05 May 2016

Douala sights

When my family came to Cameroon in March, we made an enjoyable visit to the (link may begin playing French narration) Musee Maritime / Maritime Museum in Douala. The cost was very low, guides spoke English as well as French, and there was an interactive amusement ride to boot.

Musee Maritime in Bonanjo, Douala.

Although photos weren't permitted indoors, we got to see pictures of Cameroon's history with water (including artifacts belonging to the Sawa people who live on the coast) as well as naval artifacts, a replica of a ship's bridge, information on Cameroon's ports (including the new one in Kribi), and a couple of guys hanging out watching a Premier League match. While Peter (“Office Head – Guidage” his business card proclaims) was not in the Navy nor did he work in shipping, he was an amiable fellow and was able to explain much of what we saw.

A view of the port from the Musee Maritime, with timber ready to be shipped overseas.

The Musee Maritime suffered fire damage a year or so ago, and was recently reopened with some new features, including a large theatre which is available for rent and may be superior to the Institut Francais's cinema/performance hall. (My favorite feature of the latter is the large speakers that are suspended from the ceiling by chains wrapped around metal bars.)

The Douala port through the porthole.

The piece de resistance of this visit, however, was the Case des Tempetes. This features a 3D short film about a man who became an outcast who was sold into slavery. Unfortunately, the video does not dwell on any historical details of the slave trade and its effects, and instead the mechanical pirogues we were in began moving up and down to simulate the sea near Bimbia, and a hose occasionally sprayed water at us.

It was an incongruously entertaining ride, and the museum staff refused our offer to return the 3D glasses – the only other 3D theatre I know of in Cameroon is one in Ebolowa, capital of South Region, whose opening I read about in a Google News Alert.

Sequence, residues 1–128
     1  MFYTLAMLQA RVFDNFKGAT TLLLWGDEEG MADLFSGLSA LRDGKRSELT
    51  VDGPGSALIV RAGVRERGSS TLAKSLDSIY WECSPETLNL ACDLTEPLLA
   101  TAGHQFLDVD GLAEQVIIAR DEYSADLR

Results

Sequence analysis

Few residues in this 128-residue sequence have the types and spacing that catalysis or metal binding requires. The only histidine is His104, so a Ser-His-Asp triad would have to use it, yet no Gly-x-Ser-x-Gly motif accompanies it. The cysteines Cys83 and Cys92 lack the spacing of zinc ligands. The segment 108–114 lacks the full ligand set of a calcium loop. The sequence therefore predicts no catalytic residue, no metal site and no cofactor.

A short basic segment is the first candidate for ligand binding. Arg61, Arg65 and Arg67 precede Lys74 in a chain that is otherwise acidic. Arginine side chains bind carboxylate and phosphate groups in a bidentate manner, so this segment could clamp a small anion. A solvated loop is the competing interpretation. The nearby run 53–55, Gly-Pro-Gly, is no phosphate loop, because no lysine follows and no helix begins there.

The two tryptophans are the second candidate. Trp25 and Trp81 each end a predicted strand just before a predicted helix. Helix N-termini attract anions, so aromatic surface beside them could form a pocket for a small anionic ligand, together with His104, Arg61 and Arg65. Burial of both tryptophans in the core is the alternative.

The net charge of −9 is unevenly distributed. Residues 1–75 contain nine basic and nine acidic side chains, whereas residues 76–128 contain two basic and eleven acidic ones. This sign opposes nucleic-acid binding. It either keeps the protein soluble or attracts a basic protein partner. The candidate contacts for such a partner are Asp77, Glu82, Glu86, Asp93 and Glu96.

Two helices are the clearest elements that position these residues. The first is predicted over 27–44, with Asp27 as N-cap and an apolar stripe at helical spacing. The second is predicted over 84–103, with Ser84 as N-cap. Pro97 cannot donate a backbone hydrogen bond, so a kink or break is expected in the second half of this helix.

Brochure for the Case des Tempetes video/ride.

Of course no visit to Douala, be you a PCV posted elsewhere in Cameroon or a family member, is complete without a visit to Marina 2000, the bar/restaurant/amusement park on the riverbank in Youpwe!

The salvaging of parts of the Arctic Voyager, moored in Youpwe, proceeds apace.

My dad and aunt also made a trip to the train station to purchase tickets for their trip to Yaounde. The Douala airport was closed for three weeks in March for repairs, which meant all outbound flights left Yaounde instead. 

The exterior of Gare Bessengue, and its clock tower.

As I've mentioned, Douala's train station is quite attractive although I didn't take any pictures. But my aunt asked around and heard no objections to photographing the station's exterior and interior so here are a couple of shots of the very pleasant Gare Bessengue (named after the neighbourhood where it's located).

The roof inside the Douala train station.

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